Health-EU e-newsletter - Issue 111, Health and enlargement – Croatia PDF Print E-mail
The June edition of the Newsletter can be found here.
Cancer World Newsletter - Once upon a loss PDF Print E-mail
Do you ever let the death of a patient get to you? In this Focus piece, one cancer surgeon talks
about his own experience and argues that shutting down your emotional responses is neither
feasible nor desirable.

What do you think?

  • Can you do your professional best for your patient if you get too close to them?
  • Does protecting yourself from, being touched by the loss of a patient entail shutting off
    compassion and losing part of your humanity?
  • Can either approach be sustainable in the long run - and if so, how?
You can read the article here. Press the comment button at the end and share your views.
Cancer World Newsletter - e-grandround, Chronic and late effects: how physical activity can help PDF Print E-mail
Encouraging patients to exercise during and after treatment has been shown to improve their
physical ability to function, lift their mood and potentially even lower their chance of recurrence.
In this e-grandround, one of the key figures behind the landmark ‘Glasgow Study’ presents the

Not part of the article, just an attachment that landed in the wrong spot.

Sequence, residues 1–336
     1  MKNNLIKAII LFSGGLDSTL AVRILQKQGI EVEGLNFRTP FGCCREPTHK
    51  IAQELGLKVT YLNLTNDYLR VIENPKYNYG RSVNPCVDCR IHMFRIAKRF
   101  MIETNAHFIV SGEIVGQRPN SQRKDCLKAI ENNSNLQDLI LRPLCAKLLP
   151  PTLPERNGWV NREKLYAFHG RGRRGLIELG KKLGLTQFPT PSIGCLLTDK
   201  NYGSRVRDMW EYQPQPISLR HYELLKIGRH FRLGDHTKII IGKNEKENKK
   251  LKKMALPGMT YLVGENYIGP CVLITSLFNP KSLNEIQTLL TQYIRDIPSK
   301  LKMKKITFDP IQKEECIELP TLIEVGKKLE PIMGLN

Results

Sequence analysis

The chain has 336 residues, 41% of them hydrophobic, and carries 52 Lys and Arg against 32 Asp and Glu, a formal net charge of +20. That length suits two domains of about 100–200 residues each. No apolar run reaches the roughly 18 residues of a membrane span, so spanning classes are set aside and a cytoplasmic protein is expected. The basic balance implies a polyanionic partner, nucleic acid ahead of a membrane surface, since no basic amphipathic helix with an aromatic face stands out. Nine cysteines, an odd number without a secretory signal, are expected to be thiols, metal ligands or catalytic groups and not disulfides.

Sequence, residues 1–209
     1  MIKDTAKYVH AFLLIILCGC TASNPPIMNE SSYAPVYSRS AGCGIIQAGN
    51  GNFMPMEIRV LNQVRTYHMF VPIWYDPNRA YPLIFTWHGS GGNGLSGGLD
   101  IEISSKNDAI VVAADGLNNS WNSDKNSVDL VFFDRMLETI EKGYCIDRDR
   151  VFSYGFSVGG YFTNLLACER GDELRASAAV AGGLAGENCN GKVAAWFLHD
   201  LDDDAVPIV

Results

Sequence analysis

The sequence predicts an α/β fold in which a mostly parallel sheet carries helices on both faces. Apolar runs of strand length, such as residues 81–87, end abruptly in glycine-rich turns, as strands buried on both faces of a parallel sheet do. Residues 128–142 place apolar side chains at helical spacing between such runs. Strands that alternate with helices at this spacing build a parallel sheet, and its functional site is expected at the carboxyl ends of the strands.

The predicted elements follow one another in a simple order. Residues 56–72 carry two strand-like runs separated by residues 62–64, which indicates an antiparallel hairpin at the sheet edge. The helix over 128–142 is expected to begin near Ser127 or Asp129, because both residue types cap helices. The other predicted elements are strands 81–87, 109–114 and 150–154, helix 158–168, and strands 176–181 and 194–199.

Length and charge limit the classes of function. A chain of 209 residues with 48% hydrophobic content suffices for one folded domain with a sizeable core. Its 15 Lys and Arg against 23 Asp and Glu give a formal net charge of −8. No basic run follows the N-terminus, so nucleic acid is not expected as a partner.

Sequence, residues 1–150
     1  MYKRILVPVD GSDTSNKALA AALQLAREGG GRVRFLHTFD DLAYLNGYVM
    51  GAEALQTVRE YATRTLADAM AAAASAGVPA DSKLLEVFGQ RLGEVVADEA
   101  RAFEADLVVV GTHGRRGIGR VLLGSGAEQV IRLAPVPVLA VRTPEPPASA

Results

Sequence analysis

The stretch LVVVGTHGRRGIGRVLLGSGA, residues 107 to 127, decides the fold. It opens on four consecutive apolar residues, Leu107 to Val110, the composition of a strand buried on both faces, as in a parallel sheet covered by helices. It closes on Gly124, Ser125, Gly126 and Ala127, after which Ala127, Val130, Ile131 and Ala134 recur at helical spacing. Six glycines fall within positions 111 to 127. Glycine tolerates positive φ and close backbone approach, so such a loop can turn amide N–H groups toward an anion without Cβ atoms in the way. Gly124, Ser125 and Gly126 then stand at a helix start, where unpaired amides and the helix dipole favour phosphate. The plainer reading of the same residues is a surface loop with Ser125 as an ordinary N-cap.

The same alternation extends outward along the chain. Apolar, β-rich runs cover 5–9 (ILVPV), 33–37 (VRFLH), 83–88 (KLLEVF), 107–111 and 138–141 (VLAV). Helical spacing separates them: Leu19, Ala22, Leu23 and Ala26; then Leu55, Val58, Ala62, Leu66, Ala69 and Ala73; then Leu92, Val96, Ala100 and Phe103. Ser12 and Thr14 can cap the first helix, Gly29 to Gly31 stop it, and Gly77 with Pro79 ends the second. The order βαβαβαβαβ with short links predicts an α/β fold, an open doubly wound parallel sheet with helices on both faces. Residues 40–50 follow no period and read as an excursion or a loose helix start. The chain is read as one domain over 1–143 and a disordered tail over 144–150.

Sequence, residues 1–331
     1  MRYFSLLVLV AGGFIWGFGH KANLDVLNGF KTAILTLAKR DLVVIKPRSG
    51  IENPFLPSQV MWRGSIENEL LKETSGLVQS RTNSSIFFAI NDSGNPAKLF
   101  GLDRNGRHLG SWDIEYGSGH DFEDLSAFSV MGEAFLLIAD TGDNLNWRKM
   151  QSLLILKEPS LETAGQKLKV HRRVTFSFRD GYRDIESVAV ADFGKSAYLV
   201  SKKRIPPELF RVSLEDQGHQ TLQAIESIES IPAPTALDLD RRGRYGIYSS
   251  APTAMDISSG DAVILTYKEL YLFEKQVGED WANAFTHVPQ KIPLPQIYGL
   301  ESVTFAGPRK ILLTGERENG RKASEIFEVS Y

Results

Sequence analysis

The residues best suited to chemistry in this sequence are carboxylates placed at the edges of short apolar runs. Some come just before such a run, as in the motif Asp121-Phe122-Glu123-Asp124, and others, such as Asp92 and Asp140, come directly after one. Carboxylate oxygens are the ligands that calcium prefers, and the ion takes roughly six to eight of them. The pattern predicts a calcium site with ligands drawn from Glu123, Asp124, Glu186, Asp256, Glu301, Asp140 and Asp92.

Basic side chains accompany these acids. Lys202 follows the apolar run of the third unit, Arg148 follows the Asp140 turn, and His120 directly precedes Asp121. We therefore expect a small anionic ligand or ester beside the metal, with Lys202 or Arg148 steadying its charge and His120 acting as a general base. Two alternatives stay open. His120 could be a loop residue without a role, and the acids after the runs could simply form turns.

evidence so far on benefit to patients and the cost–benefit to health services, and takes a look
at a pioneering initiative to promote specialist exercise programmes for breast cancer patients.

What do you think?

  • Should exercise be routinely prescribed as part of a patient’s overall treatment plan?
  • Does your centre have formal access to exercise rehabilitation?
 You can read the article here. Press the comment button at the end and share your views.
Cancer World Newsletter - Systems & Services, When in doubt, ask an expert PDF Print E-mail
No pathologist can be an expert in every type and molecular subtype of cancer. Without the necessary
systems and supports in place, they will make mistakes, with potentially serious repercussions for patients.
This Systems & Services article looks at a joint initiative of Rare Cancer Europe and the European Society
of Pathology which aims to ensure that cancer patients everywhere get an accurate diagnosis every time.

What do you think?

  • Do you feel you can trust your pathology reports?
  • Are your pathologists an integral part of you multidisciplinary team; do they understand the
    significance of different parameters and how much hangs on getting everything exactly right?
  • Do they have systems and policies in place about seeking expert second opinions in cases of doubt?
  • Are there quality controls in place to ensure that any problems are quickly picked up and addressed?
  • Could more be done to help pathologists get every diagnosis exactly right, as the amount of
    information required on every cancer specimen continues to escalate.
 You can read the article here. Press the comment button at the end and share your views.